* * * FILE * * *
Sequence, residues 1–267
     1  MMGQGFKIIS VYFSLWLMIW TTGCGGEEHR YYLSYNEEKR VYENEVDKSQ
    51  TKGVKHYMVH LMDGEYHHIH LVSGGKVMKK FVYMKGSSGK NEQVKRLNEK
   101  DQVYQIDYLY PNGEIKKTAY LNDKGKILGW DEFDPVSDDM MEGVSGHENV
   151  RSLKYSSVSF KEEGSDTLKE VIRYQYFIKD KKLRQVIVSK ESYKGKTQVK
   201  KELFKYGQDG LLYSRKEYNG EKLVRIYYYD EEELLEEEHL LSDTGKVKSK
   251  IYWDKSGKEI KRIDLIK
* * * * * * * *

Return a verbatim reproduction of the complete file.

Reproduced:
Sequence, residues 1–267
     1  MMGQGFKIIS VYFSLWLMIW TTGCGGEEHR YYLSYNEEKR VYENEVDKSQ
    51  TKGVKHYMVH LMDGEYHHIH LVSGGKVMKK FVYMKGSSGK NEQVKRLNEK
   101  DQVYQIDYLY PNGEIKKTAY LNDKGKILGW DEFDPVSDDM MEGVSGHENV
   151  RSLKYSSVSF KEEGSDTLKE VIRYQYFIKD KKLRQVIVSK ESYKGKTQVK
   201  KELFKYGQDG LLYSRKEYNG EKLVRIYYYD EEELLEEEHL LSDTGKVKSK
   251  IYWDKSGKEI KRIDLIK